I wanted to share a little revelation I got the other day concerning one of my struggles. As I was preparing myself to go door to door to raise some money for the project I talked about in my last blog I was struggling with the unknown of whether people would step up to the call and pitch-in or if they would reject me.
reject: –verb (used with object)
1. to refuse to have, take, recognize, etc.: to reject the offer of a better job.
2. to refuse to grant (a request, demand, etc.).
3. to refuse to accept (someone or something); rebuff: The other children rejected him. The publisher rejected the author’s latest novel.
4. to discard as useless or unsatisfactory: The mind rejects painful memories.
5. to cast out or eject; vomit.
6. to cast out or off. (Courtesy of Dictionary.com).
Rejection, I don’t like being rejected, actually I would bet that there isn’t anyone who likes being rejected. I was concerned about it, doing something outside my comfort zone and having it turn out a terrible experience was not very appealing to me. I prayed about it, asking God to help deal with that fear in me. What helped me the most was getting my thoughts out one evening with a dear friend and coming to the point of just deciding to set my fears aside and deal with each person one at a time, endeavouring to be an embassador of Christ.
As I settled in on that decision I was wondering why it seems like so many people struggle with being rejected? Then I thought about how at least I (I’ll use me for the example) react to being rejected…
I didn’t deserve that!… They had no right to talk to me that way!…Who do they think they are?! That’s normally my reaction.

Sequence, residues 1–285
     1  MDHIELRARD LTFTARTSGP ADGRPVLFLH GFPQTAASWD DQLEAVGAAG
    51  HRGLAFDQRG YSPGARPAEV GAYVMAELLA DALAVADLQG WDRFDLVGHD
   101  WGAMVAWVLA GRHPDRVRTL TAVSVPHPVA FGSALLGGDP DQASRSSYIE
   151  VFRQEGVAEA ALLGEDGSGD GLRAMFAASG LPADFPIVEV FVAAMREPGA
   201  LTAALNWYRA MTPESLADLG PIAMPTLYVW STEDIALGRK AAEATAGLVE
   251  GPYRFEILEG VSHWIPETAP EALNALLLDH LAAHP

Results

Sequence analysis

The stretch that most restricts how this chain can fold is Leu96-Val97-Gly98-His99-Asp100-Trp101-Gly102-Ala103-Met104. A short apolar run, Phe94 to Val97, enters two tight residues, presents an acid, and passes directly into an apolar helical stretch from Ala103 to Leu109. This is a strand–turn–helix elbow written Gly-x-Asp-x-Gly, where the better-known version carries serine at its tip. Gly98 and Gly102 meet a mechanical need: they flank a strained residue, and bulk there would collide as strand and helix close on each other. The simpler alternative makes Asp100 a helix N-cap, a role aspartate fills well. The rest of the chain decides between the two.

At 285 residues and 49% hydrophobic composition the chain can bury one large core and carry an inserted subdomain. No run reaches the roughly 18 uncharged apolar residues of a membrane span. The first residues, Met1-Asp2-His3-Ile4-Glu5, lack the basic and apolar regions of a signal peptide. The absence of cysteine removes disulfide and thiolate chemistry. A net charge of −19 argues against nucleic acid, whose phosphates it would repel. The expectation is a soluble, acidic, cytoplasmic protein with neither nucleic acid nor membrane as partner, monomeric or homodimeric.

(And this is where the revelation happened)I realized that my fear of rejection was rooted in my pride. This was so freeing to me because I have no desire to be prideful. But that’s not it, realizing it was pride that caused that fear in me let me know what the proper tool to conquer my fear was… namely humility, the opposite attitude of pride.
I had so much fun walking around the neighborhood, those few evenings that I did, I felt free as the wind, no more awkward feelings, no fear, I felt… love, love for people and life and I think I turned another chapter in the book that’s my life.
Some food for thought
If we are walking in true humility how would we in turn react to those who “reject” us? Would we become indignant? Angry? Would we really think about how we didn’t deserve that kind of treatment?…
I don’t think that true humility would recognize any of those reactions as a possible response. I have a couple in mind but let’s hear from you 🙂 What do you think would be a proper response?